Mala ‘Mala In Cuba’ (Brownswood)
The long awaited album Mala In Cuba finally dropped last week after months of expectation & the slow drip feed of teaser videos, interviews, streaming video’s & etc. Hec, so well promoted has the album been that it’s even got a website all of it’s own, unsurprisingly called “Mala In Cuba“. Phillip Neeson got his hands on a copy last week & after listening to it a few times filed the report below.
The story I’m sure you have already heard is the one about Mala (one half of production duo Digital Mystikz) visiting Cuba with Brownswood boss & 6music DJ Gilles Peterson, hitting some clubs & absorbing the countries music, then making an LP that mixes his dubstep or drum’n'bass means of production with Cuban club themes and musical flavours. Mala In Cuba, dear friend, is the result.
Undoubtedly it’s an album that works well, that flows along in a steady and fluid manner. Yet as good a job it is regarding the production and the way none of it appears awkward or out-of-place, the record also has a tendency to go down the heard-it-before, electro-jazz route too often, which is going to be a problem for those of you who prefer something more industrial and challenging. But I guess when you take the record’s premise on board, this sound was always likely to feature heavily.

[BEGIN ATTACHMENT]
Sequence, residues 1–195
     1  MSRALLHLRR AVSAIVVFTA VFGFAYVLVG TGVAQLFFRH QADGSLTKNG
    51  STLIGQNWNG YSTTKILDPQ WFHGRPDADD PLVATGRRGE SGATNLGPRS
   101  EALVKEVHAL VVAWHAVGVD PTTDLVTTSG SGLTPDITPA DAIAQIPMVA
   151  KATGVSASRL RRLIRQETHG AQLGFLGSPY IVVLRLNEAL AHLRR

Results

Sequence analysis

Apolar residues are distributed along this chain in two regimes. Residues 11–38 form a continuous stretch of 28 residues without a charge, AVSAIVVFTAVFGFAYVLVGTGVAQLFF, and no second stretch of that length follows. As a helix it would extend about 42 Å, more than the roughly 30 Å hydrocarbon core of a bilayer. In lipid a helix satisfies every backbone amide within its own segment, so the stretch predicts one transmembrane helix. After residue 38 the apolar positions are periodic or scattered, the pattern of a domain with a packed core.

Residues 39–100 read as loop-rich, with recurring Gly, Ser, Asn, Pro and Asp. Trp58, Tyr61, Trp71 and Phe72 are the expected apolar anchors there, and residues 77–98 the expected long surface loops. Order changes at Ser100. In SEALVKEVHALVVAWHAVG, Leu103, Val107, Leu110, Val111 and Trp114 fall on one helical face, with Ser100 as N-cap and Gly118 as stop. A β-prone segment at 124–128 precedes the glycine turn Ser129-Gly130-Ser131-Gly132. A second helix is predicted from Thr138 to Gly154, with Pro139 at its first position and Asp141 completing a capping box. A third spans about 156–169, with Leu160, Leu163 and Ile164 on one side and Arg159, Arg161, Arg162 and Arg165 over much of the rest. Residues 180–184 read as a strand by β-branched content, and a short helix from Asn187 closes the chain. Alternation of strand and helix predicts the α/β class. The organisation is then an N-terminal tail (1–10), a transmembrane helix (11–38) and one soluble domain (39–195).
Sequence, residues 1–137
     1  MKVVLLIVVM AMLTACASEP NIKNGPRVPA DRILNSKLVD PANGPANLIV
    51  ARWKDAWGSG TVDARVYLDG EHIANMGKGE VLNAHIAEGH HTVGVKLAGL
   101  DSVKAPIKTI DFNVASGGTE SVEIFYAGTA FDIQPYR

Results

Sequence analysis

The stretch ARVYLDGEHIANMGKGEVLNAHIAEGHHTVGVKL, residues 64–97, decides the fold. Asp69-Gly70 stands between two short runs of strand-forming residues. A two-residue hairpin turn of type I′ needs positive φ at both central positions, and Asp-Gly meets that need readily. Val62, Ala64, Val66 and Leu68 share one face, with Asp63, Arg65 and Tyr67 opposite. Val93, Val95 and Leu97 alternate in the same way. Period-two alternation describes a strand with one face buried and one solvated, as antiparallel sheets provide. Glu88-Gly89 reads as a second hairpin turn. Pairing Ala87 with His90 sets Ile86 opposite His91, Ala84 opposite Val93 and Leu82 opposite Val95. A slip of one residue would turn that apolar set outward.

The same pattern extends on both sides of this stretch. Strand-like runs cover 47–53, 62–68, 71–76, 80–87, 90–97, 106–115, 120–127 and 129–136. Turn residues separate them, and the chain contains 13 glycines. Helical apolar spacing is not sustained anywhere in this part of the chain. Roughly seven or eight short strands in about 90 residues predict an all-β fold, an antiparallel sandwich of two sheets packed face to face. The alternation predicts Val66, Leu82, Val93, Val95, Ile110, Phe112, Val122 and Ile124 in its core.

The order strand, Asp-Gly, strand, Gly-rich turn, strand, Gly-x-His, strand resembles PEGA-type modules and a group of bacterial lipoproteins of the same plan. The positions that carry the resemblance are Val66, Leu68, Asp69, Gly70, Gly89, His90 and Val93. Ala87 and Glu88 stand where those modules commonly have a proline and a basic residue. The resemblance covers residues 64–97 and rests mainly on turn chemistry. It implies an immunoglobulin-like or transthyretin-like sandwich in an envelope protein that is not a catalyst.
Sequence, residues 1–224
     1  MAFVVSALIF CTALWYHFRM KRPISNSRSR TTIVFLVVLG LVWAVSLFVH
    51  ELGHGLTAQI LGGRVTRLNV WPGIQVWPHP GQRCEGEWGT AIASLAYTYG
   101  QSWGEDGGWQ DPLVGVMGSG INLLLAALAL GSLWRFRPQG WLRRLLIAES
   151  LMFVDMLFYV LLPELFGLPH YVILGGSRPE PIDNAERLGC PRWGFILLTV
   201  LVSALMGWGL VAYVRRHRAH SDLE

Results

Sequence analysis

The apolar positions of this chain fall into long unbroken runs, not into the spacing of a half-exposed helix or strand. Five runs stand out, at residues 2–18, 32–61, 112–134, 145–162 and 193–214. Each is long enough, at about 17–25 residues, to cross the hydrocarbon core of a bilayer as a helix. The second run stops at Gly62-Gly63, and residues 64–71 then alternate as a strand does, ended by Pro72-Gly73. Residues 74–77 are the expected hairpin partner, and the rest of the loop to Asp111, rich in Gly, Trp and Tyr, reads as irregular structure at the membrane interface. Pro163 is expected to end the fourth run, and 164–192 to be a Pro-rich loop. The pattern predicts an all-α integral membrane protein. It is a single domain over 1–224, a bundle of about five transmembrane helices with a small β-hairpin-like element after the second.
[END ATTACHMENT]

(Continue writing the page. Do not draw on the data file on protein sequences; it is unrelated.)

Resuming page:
Cuba Electronic is one of the better tracks here as it offers up less of the club-jazz. Instead we have Mala picking up the beat and running with it, including what sounds like some sort of animal-type sample helping it along. Calle F is another, where dusty piano dips in and out as Mala does his stuff, rattling together his breaks and beats, the track sounding quite like something the excellent Funki Porcini would come up with.
The darker Curfew isn’t bad either, beginning by teasing the listener into expecting some sweetness and light with its Caribbean piano touches, before something more tense and tricky takes hold.
Thematically, Mala In Cuba works fine and is to an extent an enjoyable listen, despite those moments where it is prone to drift. It is going to be held up by some as something special because of the, rightfully, well-respected individual behind it as well as the story of its making, but it must be pointed out that it’s a ‘good’ record, not a ‘great’ one.